On Tuesday, two Democratic lawmakers unveiled a bill that would lift certain federal restrictions on abortion funding. The Equal Access to Abortion Coverage in Health Insurance (EACH) Woman Act, introduced by Rep. Barbara Lee in the House and Sen. Tammy Duckworth in the Senate, would dismantle restrictions that bar federal dollars from being used to pay for abortion services. The two lawmakers tell Bustle that the legislation aims to combat discriminatory rules that have a particularly adverse effect on poor women and women of color.
"The bottom line is that no woman should be forced to carry an unwanted pregnancy to term just because she’s poor. Someone’s zip code and the contents of their back account shouldn’t prevent them from exercising their constitutional right to choose," Rep. Lee says in an email. "This bill is about ensuring that ALL women, regardless of race or socioeconomic status, [are] able to make the best health care decisions for herself."
The bill would expand access to abortion in two ways: by allowing federal dollars to pay for abortion services — which is currently banned under the Hyde Amendment — and, also, by prohibiting politicians from pushing initiatives that dictate whether or not private insurers may cover abortion services in their respective states.
As it stands now, the Hyde Amendment prohibits any federal money from paying for abortions, except in cases of rape or incest, or if the woman's life is in danger. The rule was first passed in 1976 and Congress has renewed it every year since as part of the Labor-Health and Human Services appropriations bill, although it has changed slightly over time. (The original text of the legislation provided no exceptions at all.) This stops the federal government from paying for abortions through programs like Medicaid, instead leaving it up to state legislators to decide how and when to fund abortion coverage.
And as for private insurance, the Guttmacher Institute reports that 11 states restrict abortion coverage on private policies offered within their borders. On top of that, the institute reports that 26 states have laws limiting abortion coverage in insurance plans offered through their state exchanges. Proponents of the EACH Woman Act tell Bustle that this creates a culture of inequality around abortion coverage, an issue that they say the bill would help mitigate.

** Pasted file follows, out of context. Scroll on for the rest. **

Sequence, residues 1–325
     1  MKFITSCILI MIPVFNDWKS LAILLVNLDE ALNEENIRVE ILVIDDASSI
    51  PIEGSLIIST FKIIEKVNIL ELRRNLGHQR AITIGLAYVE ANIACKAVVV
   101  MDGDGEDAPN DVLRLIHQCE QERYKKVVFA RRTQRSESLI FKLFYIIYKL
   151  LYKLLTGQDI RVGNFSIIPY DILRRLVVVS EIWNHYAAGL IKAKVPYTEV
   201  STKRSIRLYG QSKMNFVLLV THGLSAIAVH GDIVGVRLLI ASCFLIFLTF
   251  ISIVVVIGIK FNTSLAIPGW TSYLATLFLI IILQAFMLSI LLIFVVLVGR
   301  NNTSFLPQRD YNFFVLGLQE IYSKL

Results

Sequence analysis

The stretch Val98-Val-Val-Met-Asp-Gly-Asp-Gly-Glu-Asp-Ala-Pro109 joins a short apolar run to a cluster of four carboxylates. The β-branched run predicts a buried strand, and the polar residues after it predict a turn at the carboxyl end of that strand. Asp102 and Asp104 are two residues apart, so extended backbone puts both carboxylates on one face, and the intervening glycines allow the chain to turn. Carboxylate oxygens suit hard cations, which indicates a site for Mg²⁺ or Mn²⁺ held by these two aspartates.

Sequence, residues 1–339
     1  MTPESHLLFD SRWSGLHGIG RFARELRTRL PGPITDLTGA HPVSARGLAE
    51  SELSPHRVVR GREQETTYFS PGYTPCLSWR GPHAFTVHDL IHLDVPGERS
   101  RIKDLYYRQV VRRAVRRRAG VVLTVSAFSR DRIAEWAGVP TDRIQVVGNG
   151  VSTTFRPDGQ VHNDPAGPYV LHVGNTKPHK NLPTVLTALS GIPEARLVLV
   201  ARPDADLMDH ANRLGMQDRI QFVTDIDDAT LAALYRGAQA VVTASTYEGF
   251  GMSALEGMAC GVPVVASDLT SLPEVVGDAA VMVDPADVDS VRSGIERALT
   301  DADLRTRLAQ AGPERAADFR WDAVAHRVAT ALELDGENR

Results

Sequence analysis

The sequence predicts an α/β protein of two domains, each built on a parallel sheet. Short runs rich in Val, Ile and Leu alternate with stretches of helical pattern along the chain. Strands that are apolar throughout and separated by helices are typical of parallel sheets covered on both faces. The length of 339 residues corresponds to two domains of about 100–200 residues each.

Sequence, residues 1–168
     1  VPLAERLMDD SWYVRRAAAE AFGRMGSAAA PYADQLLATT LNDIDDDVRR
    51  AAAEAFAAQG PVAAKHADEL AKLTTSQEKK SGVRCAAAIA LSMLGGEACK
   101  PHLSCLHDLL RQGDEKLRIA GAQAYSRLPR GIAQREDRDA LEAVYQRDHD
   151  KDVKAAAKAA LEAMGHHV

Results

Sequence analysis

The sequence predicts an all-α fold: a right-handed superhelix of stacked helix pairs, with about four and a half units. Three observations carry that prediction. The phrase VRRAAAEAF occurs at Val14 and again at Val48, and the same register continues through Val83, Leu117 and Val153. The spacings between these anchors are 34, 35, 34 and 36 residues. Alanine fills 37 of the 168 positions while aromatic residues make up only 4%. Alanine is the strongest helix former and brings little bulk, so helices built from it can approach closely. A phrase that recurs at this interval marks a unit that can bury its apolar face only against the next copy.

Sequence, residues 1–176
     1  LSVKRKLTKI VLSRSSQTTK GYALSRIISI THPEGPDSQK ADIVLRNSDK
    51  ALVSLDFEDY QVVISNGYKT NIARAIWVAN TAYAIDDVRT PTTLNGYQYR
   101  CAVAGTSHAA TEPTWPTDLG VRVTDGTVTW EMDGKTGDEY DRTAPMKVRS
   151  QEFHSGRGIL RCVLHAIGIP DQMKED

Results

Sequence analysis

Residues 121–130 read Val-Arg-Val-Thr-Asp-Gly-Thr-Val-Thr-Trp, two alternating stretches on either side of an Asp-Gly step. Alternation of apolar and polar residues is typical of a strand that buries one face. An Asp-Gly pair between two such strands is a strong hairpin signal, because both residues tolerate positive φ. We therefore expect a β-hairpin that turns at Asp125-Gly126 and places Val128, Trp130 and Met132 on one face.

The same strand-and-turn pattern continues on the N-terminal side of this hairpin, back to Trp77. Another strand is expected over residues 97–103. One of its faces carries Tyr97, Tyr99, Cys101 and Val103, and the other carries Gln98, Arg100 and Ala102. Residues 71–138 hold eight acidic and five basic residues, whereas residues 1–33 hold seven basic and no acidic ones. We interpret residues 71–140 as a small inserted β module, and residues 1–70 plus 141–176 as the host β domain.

"People who are poor [and] people who are people of color tend to have more restrictions on them, yet if you are wealthier and able to go and pay to travel to another state, if you’re wealthier and you’re able to pay out of pocket, then you can actually continue to have access to what has now been decided by the Supreme Court to be a right," Duckworth tells Bustle, referring to the court's landmark Roe v. Wade ruling.
Tuesday marks the first time that the EACH Woman Act has been introduced in the Senate. It has been introduced in the House twice before, but the bill did not move forward either time. Both Duckworth and Lee say it is significant that two women of color introduced the legislation in Congress again on Tuesday.
"We now have the most women of color in Congress in history — and we know that women of color are disproportionately affected by bans on abortion coverage," Lee says. "[It's] critical for women of color to be leading these efforts."
Destiny Lopez, the co-director of All* Above All, an organization devoted to protecting and expanding public abortion insurance coverage, appears optimistic about the bill's future. (All* Above All is one of the bill's key advocates.) Lopez points to the opportunity to educate the public on the barriers that some women face when they seek abortion care.
"I think that there has been…such awful, hateful rhetoric around abortion," Lopez tells Bustle. "For us, the introduction of the EACH Woman Act provides an opportunity to shine a light on the barriers that people seeking abortion face."